Thu, Apr 2nd 2009 3:49pm
time warner cable
Time Warner has been testing broadband plans with traffic caps for several months, and apparently it likes what it's seen, as it plans to soon expand the caps into four more markets. The company alleges it has to switch to capped plans in order to "support the infrastructure of the broadband business," even though the supposed bandwidth crunch ISPs cite when talking about these plans is little more than a myth. As the company's CEO notes, getting the cat back in the bag by getting consumers to switch from unlimited to capped plans is going to be very difficult. Previous studies have found that even light internet users would look to take their business elsewhere if their ISP introduced caps, mainly because they have absolutely no idea how much bandwidth they're consuming. That's a good thing, because the absence of mental transaction costs helped wired broadband take off, and laid the groundwork for all sorts of innovative internet services -- not to mention lots of revenues for ISPs. Compare this to the mobile world, where per-KB or per-MB pricing helped stymie the growth of data services.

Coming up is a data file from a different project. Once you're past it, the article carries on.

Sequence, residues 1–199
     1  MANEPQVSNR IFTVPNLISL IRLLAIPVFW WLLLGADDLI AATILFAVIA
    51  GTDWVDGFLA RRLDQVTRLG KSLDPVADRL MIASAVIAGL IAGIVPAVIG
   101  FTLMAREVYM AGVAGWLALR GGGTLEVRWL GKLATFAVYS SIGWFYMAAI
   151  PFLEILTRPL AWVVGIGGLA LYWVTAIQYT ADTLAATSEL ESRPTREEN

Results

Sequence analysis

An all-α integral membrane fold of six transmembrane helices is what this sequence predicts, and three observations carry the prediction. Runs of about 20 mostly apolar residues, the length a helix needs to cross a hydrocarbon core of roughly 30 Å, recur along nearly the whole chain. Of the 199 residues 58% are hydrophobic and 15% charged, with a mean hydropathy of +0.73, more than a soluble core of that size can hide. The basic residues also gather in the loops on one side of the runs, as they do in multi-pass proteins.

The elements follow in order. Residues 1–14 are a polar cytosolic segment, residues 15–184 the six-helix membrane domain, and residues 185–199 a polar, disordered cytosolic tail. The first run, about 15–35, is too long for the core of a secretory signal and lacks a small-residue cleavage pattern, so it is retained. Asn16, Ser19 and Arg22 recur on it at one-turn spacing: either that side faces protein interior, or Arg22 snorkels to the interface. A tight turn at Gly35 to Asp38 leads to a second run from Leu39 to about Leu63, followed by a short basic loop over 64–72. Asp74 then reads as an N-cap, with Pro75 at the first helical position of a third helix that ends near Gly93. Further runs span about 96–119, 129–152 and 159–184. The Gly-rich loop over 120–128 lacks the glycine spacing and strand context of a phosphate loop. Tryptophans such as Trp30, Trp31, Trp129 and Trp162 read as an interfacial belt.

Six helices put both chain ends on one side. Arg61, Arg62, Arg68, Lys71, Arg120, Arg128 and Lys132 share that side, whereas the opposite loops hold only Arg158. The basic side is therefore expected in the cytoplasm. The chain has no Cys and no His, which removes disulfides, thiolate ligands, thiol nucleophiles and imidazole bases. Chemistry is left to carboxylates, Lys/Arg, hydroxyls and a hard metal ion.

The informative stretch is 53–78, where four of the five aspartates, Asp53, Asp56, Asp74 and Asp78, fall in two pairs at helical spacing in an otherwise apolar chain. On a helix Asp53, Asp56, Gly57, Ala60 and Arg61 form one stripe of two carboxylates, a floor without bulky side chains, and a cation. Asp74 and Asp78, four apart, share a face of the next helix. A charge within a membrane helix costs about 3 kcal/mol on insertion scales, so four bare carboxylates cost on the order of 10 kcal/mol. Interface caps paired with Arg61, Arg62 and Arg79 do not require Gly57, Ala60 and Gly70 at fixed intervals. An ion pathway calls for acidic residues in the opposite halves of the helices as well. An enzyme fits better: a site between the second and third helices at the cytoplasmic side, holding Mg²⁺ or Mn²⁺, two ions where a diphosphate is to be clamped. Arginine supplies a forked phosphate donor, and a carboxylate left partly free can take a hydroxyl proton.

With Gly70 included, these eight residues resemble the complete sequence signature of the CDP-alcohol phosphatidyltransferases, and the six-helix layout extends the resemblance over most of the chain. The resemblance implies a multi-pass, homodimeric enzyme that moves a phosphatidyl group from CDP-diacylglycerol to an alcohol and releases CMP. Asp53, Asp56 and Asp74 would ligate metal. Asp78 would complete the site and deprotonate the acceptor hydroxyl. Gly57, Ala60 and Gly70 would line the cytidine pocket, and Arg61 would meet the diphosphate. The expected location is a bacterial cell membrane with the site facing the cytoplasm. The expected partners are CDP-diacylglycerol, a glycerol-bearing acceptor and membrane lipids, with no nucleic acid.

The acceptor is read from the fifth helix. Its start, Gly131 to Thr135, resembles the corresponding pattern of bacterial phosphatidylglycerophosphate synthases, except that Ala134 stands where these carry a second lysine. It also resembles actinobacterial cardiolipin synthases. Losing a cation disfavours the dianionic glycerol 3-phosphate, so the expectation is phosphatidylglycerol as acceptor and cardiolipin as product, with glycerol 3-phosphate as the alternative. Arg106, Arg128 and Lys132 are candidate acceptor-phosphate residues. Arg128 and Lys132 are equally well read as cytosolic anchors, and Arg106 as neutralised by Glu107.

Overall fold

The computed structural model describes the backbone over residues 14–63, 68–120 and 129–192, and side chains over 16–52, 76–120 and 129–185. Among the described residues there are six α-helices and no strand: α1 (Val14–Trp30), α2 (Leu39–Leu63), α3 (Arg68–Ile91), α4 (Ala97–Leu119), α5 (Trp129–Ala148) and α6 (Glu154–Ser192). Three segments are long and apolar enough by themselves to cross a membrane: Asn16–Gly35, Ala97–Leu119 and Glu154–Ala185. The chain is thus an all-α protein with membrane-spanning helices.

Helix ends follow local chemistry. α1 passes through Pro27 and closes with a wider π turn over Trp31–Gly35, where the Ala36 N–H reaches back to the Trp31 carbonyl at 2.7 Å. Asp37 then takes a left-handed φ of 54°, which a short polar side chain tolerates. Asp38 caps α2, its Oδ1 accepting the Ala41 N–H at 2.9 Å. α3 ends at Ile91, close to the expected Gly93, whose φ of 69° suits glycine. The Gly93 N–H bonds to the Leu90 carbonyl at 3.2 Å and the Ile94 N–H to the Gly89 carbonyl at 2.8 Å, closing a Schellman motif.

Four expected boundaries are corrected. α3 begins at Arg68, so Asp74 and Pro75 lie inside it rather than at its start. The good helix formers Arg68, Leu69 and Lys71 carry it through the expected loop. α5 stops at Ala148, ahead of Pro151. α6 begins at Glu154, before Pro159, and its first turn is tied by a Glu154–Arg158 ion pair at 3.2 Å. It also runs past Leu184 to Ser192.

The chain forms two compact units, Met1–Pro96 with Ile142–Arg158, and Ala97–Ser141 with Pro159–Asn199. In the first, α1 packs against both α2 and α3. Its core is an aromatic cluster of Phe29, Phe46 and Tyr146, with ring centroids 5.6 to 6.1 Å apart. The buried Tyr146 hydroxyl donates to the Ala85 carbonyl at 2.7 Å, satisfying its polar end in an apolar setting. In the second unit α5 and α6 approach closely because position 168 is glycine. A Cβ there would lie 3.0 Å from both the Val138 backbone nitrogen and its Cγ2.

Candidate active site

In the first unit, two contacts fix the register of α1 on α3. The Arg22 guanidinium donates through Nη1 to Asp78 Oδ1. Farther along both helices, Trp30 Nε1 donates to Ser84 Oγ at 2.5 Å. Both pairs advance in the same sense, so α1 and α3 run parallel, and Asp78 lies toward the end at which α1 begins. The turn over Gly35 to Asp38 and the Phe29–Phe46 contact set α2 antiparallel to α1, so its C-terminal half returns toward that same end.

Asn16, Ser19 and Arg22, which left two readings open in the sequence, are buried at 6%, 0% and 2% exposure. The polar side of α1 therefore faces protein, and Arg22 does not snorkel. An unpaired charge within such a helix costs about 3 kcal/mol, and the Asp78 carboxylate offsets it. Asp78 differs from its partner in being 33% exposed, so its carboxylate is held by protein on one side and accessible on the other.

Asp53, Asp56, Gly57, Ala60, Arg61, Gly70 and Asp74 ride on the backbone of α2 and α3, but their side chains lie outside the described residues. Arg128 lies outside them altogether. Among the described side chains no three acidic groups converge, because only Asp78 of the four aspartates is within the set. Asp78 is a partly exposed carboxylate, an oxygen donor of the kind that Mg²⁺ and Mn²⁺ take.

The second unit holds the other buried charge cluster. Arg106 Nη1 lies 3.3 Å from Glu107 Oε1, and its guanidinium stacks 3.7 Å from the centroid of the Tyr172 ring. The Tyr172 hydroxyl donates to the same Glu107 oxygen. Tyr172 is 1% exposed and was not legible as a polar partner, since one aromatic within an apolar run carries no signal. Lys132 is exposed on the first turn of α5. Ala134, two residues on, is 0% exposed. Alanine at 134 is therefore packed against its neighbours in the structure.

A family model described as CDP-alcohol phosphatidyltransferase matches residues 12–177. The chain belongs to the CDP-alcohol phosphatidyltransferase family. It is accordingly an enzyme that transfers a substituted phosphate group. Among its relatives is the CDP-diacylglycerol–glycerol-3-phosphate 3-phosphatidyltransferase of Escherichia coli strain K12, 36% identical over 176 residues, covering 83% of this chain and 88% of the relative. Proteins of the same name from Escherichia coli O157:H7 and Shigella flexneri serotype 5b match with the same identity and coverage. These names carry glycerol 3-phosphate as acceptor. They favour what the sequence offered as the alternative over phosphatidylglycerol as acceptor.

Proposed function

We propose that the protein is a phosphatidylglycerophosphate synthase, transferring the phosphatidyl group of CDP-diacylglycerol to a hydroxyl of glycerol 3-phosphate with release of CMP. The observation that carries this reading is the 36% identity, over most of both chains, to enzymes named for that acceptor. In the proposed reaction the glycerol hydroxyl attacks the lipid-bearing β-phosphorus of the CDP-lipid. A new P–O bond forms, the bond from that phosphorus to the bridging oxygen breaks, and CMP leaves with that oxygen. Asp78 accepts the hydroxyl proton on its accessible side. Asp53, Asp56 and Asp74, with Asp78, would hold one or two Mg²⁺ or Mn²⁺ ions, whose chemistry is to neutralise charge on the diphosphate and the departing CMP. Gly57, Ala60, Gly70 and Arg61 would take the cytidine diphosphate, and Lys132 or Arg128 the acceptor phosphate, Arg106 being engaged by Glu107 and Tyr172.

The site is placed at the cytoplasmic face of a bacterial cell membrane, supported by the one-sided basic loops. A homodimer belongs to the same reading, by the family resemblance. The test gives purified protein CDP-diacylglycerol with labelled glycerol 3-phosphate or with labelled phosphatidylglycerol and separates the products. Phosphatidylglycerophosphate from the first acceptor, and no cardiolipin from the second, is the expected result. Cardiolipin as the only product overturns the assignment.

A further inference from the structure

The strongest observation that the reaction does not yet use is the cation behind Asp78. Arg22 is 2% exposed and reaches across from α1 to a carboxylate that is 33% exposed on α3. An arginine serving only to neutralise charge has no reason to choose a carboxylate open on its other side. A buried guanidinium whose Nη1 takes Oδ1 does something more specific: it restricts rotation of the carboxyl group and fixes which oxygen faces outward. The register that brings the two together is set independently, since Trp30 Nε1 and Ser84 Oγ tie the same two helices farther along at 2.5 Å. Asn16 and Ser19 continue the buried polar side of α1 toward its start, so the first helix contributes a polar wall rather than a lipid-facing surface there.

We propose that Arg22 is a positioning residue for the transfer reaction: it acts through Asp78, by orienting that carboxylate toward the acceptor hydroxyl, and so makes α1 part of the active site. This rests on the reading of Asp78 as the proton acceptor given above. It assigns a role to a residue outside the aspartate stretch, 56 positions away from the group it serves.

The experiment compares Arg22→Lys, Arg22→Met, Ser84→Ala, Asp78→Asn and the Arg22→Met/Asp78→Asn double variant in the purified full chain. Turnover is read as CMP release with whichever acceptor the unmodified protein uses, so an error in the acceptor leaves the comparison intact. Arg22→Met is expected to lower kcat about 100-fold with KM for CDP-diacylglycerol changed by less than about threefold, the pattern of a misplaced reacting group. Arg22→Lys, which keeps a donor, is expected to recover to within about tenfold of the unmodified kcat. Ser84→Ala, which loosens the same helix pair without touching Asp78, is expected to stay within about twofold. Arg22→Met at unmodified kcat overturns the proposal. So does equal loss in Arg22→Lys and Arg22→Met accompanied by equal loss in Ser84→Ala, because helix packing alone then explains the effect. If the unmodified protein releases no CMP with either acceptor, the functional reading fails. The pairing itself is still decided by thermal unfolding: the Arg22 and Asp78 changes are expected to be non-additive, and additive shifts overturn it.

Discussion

If you liked this post, you may also be interested in...
- Missouri The Latest State To Let Telecom Monopolies Write Awful, Protectionist State Law
- If New FCC Boss Ajit Pai Is So 'Pro Consumer,' Why Does The Telecom Industry Need To Pay People To Say So?
- FCC Commissioner Thinks Ultra-Fast Broadband Just a 'Novelty'
- Charter's Mega Merger Results In Higher Prices, Slower Speeds, And Worse Customer Support Than Ever
- Time Warner Cable Sued Again Over Sneaky Hidden Fees...By Plaintiff Not Seeking Monetary Damages